Oct 4, 2005

Is that person being nice or just getting paid?

Interesting article on AdAge about Buzz marketing and the legality or lack thereof.

What I find telling is that the article focuses only on the legality of the thing:

As marketers more frequently look to recruit consumers brand agents to spread goodwill for brands, industry attorneys view buzz marketing as a likely area of regulatory involvement, especially around the issue of compensating people to participate in buzz programs when they fail to disclose their connections to marketers and agencies.

No mention about the other Purple Elephant crashing the lawn party: the honesty of staging opinion, events and "random" social interactions to influence purchases.

Call me a wacky Left Coaster, but the fact that companies pay actors to imitate friends discussing hot new music on the street pisses me off. If bloggers or pundits want to dish products while disclosing their affiliation with the producers, that's fine. I'll take their thoughts with two huge grains of salt. (I do draw the line at governmental spokespeople, but that's another topic.)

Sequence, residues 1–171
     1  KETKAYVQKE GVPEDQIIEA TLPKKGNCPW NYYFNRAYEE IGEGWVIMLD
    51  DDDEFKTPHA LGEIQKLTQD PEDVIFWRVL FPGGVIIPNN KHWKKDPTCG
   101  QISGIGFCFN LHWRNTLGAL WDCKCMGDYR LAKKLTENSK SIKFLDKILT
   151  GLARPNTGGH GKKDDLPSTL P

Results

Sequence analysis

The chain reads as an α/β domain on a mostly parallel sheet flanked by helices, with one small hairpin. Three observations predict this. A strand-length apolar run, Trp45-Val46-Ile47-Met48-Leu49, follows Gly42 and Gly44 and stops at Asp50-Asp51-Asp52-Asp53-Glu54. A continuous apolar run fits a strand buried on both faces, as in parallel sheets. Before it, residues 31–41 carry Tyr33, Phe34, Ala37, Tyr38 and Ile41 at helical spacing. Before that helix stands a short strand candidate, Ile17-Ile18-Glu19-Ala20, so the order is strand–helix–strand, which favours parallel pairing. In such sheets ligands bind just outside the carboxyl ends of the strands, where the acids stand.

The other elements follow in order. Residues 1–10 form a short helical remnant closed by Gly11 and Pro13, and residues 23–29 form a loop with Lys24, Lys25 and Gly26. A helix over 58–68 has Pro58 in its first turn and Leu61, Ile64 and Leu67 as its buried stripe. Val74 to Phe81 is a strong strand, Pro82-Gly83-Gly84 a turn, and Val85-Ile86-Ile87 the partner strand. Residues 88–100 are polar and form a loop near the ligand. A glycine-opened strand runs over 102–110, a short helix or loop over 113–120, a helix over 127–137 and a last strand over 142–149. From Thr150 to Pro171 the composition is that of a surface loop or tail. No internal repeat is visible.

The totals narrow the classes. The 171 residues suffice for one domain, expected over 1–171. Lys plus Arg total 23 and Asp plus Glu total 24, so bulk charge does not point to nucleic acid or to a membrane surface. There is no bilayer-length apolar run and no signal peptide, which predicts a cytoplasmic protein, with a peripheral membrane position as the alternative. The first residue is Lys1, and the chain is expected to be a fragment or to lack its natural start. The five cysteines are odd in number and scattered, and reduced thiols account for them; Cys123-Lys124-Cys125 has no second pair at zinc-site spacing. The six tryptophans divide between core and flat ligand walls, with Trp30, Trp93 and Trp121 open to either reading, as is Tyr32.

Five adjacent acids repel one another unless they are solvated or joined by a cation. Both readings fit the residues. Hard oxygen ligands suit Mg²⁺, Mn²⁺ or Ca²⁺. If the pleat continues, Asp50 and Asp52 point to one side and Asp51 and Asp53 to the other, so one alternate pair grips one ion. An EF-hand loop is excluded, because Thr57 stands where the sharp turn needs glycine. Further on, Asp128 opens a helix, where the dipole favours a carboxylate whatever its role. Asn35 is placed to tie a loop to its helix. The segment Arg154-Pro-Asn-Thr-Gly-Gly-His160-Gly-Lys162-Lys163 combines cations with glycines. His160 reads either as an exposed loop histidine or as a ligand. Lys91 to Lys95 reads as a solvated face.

But when advertisers try to crack the social fabric with this kind of fake reality, they've crossed the dividing line. If you can't trust non-transactional social interactions to be unpaid, unscripted and unpurchased, our little, happy consumer world becomes truly bogus. It reaches the status of simulacra, a  la Baudrillard. And that's no small event.

Advertising isn't real (even if large parts of the corporate population worship at its feet), and most folks with half a brain know it. Honest marketing is contained in a recognizable context--we can expect to be sold and act accordingly. This new buzz garbage deserves the trash bin.

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